Government directives frame abortion as a self-inflicted tragedy rather than a regularly performed medical procedure. The propagandistic narrative then feeds into a digital landscape rife with both misogyny and profiteering by private medical providers. Vulnerable patients — like the anonymous Zhihu user — are led to believe that they are at fault for seeking health care and are thus further marginalized. 

Peering over a demographic cliff 

Alarm bells went off when, in August 2022, the National Health Commission’s (NHC) new birth-encouraging plan included a directive to “reduce abortions that are not medically necessary.” The influential U.S.-based feminist scholar Leta Hong Fincher said in the aftermath of the announcement that she expected the Chinese state to restrict abortions for several years. Fincher argues that abortion has long been a political tool for economic and ethnic control in China; in her view, a state that is willing to enforce, and continue to justify, a stance as draconian as the one-child policy would have no qualms denying abortion to serve its economic targets. However, with the extraordinary rise in feminist consciousness over the past 20 years, any attempts at introducing explicit abortion bans in China will likely see enormous public pushback. Simply citing economic need and evoking nationalism are unlikely to resonate with the country’s increasingly independent and politically conscious women. 

In November 2022, as part of a wider regulation of the medical market, and citing risks to women’s health, China’s National Medical Products Administration banned two abortion pills from being sold online. One of these – mifepristone – is currently at the heart of a raging debate in the U.S. over access to abortion medications. The Chinese state could lean on the longstanding misinformation and medical myths discussed earlier to justify these subtle, yet still impactful, restrictions on abortion access. The erosion of Chinese women’s reproductive freedom could be accelerated through top-down pressures on the country's medical establishment. The sector is entangled with the state and, as demonstrated during the COVID-19 pandemic, can be easily pressured by central and local authorities to put politics above standards of care.

Article 17 of China’s Population and Family Planning Law states that: “Citizens have the right to reproduction as well as the obligation to practise family planning according to law. Both husband and wife bear equal responsibility for family planning.” Prescribing a “right to reproduction” is a relatively unique feature of China’s legal system, and some researchers say this right could also threaten access to abortion. When the "right to reproduction" clause first came into force in 2002, some hospitals began asking for husbands’ signatures from married women seeking abortions for fear of impugning on men’s right to reproduction. The Supreme People’s Court, China’s top court, later issued a clarification saying that courts "will not support” cases where husbands sue for damages to their reproductive rights after their wives terminate pregnancies. Nevertheless, ‘netizens’ still sometimes share that hospitals ask for spousal consent before proceeding with abortion procedures.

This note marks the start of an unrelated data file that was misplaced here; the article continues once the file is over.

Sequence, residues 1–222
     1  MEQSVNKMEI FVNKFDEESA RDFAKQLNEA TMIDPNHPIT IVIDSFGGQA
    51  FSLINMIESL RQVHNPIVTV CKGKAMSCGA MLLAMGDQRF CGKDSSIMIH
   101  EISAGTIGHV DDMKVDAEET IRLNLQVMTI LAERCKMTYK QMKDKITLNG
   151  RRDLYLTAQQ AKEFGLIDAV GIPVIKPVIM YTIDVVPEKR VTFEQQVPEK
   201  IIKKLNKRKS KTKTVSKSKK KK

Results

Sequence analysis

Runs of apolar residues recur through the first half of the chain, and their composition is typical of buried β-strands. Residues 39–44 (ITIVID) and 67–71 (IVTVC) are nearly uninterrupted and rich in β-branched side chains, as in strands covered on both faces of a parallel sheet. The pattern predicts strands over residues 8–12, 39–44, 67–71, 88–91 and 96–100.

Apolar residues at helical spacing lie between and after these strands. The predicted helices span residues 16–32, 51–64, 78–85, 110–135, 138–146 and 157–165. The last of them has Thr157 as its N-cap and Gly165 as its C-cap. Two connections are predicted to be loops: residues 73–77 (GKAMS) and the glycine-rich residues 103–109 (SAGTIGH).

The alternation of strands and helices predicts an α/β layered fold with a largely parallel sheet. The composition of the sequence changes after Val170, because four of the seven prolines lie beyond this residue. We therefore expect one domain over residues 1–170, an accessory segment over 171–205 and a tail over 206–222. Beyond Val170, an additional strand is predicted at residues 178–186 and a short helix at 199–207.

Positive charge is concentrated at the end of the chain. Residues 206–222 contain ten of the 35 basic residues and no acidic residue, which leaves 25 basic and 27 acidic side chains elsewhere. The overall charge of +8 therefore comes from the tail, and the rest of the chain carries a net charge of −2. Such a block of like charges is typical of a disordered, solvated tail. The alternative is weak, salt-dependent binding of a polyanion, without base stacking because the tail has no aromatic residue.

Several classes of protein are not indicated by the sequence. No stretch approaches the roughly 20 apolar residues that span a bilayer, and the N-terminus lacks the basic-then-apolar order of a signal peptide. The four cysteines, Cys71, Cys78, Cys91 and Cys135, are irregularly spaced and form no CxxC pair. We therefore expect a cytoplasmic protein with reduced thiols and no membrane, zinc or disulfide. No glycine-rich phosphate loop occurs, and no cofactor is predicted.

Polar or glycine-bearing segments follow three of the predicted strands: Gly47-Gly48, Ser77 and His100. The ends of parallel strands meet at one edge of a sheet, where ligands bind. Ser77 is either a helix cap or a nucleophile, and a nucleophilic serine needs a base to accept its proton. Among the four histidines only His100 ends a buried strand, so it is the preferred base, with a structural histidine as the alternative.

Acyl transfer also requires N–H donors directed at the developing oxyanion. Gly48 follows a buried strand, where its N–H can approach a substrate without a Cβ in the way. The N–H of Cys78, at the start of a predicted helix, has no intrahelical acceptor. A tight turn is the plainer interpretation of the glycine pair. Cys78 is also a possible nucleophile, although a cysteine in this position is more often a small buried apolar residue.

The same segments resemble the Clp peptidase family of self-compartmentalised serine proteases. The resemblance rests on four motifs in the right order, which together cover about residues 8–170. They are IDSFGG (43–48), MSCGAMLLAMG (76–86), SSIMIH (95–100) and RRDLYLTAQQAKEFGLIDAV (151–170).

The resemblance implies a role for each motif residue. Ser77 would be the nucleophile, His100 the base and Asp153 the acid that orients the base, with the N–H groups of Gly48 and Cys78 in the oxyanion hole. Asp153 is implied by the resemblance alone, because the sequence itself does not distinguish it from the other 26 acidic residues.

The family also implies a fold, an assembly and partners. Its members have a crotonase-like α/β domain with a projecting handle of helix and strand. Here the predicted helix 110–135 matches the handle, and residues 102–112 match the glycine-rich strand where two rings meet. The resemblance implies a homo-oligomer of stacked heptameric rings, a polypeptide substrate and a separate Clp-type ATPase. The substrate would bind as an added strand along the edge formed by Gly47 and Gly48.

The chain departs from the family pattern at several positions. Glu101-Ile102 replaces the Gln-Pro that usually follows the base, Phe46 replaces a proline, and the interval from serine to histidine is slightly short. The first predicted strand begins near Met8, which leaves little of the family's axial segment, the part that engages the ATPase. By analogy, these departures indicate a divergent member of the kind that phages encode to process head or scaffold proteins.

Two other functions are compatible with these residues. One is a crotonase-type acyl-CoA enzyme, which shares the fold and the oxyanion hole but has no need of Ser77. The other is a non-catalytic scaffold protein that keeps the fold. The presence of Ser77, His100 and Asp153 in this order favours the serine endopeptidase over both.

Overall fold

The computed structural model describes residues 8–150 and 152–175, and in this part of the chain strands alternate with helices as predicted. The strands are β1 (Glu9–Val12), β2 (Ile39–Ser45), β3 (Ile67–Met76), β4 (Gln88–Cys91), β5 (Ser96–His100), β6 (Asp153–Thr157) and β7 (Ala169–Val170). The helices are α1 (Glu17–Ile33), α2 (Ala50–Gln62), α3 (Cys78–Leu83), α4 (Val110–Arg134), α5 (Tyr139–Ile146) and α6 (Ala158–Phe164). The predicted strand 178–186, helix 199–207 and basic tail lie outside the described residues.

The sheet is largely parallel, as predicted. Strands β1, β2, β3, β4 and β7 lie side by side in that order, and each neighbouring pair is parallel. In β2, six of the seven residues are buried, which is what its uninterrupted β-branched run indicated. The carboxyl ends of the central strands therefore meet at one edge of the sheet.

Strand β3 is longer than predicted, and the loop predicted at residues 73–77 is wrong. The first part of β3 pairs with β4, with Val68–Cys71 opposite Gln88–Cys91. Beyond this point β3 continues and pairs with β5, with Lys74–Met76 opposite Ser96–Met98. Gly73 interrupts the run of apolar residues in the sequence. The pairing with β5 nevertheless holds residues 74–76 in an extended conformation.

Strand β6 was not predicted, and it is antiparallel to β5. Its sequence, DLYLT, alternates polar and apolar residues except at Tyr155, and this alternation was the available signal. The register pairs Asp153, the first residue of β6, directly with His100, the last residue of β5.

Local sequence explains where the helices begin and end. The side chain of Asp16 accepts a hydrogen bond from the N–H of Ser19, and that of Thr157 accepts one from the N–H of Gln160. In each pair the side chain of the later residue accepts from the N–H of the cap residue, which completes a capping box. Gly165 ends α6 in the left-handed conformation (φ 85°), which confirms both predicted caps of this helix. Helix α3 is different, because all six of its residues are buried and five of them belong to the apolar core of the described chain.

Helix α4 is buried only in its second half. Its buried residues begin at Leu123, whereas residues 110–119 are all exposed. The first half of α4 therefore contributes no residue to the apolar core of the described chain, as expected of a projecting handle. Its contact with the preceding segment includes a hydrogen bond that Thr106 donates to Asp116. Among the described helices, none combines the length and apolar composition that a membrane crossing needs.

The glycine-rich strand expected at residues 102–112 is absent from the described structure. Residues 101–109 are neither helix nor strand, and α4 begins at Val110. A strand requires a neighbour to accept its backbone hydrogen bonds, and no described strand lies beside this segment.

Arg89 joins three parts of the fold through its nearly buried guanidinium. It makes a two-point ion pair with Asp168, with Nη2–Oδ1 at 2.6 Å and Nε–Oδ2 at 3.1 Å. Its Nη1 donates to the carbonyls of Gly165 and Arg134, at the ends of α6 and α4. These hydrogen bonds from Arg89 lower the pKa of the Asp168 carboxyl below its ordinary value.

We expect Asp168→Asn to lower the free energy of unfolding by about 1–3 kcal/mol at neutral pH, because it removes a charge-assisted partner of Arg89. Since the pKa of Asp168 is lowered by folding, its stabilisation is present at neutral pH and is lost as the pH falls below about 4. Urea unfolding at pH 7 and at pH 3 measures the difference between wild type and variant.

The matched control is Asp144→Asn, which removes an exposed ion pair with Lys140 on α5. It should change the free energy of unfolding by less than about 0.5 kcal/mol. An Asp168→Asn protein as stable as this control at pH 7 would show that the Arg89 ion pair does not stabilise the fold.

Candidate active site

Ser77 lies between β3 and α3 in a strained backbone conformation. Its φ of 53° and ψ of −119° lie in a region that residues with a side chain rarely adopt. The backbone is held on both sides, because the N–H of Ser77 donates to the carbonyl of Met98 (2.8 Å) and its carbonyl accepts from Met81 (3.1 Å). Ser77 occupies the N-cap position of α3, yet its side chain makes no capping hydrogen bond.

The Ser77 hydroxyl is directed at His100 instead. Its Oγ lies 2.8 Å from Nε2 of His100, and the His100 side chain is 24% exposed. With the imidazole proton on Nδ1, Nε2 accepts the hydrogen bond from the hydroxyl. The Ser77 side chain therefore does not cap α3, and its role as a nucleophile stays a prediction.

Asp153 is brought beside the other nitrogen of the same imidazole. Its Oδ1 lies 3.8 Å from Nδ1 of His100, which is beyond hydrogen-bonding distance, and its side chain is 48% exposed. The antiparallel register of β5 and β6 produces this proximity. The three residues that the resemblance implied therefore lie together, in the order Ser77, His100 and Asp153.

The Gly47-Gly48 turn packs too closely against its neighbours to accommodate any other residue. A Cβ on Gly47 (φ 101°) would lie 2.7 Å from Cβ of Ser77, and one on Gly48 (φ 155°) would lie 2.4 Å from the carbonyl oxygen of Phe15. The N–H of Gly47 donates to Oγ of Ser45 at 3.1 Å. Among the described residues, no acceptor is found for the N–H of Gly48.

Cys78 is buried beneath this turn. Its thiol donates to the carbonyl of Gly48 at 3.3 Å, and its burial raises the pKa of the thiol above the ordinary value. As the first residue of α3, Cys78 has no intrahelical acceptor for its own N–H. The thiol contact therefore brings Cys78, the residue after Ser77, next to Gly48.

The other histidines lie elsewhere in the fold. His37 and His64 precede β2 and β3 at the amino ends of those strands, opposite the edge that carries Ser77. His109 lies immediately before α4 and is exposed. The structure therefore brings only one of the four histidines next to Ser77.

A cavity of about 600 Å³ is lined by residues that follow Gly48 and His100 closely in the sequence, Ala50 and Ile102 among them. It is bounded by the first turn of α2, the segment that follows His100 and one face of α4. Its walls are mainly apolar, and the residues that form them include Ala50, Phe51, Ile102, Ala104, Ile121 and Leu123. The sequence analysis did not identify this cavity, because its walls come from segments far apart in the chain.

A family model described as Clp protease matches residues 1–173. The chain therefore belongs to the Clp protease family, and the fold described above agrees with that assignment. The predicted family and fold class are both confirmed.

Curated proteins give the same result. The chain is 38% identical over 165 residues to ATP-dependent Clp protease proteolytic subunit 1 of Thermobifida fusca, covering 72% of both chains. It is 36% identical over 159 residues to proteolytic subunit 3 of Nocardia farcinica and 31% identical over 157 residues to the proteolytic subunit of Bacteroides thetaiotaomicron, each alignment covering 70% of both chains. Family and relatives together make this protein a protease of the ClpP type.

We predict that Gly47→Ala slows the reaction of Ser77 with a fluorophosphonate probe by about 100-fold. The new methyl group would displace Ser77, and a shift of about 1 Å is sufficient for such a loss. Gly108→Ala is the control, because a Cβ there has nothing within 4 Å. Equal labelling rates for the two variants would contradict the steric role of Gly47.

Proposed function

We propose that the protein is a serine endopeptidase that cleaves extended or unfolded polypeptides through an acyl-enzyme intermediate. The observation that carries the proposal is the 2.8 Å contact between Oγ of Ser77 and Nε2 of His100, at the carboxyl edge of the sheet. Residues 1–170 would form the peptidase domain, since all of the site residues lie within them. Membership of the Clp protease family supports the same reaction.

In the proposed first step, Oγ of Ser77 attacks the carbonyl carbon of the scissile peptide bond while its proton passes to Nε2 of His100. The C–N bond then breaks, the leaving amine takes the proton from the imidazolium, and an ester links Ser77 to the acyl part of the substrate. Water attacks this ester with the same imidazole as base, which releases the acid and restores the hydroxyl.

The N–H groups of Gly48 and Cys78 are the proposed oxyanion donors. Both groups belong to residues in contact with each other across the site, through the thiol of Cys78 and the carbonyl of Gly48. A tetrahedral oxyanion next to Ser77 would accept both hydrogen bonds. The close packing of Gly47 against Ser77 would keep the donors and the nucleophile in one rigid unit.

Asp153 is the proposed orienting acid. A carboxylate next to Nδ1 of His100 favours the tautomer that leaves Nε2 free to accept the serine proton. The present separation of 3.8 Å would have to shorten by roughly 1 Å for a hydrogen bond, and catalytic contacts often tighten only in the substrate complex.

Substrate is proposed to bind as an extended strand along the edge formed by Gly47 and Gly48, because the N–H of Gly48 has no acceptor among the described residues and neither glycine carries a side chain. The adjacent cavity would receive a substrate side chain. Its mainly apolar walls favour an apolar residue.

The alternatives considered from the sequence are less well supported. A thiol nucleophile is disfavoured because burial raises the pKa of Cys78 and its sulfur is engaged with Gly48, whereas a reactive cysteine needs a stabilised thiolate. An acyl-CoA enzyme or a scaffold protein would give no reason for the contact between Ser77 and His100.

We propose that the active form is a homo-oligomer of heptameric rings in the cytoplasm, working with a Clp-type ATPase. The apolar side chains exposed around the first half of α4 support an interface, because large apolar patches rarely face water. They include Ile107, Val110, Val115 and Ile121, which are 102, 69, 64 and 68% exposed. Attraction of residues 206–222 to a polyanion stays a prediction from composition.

In February 2023, a Chengdu court ruled that termination of pregnancy without spousal consent or “legitimate reasons” constitutes a violation of men’s right to reproduction. The judge’s decision specified three such “legitimate reasons”: the woman has a health condition incompatible with pregnancy, the couple is living separately after a breakdown in the relationship, or the wife has already requested a divorce. The case sets a potentially chilling precedent for abortion rights in China, as it erodes existing precedents and appears to deny married women the autonomy to make decisions about their own medical procedures.  

Watch this space for more debate

In the coming years, China’s aging population and contracting labour force will influence the CCP’s public health policymaking. But the politicization of abortion access in China is already here: regardless of the direction in which the country’s overwhelmingly male decision-makers take the country in the wake of the August 2022 proclamation, Chinese women know that their reproductive freedom is contingent upon Beijing’s national economic blueprint. 

Irene Zhang

Irene Zhang recently graduated with a Bachelor’s in History and English from the University of Oxford and is a former Junior Research Scholar at APF Canada, working on data from China, Taiwan, and Hong Kong for the Canada-Asia Sustainability Tracker. She is also the editor for ChinaTalk, a podcast and newsletter on contemporary Chinese tech, economy, and policy. Irene’s work experience spans tech marketing, nonprofits, and journalism. In the summer of 2022, she was a VOICES Fellow at the Asian American Journalists Association.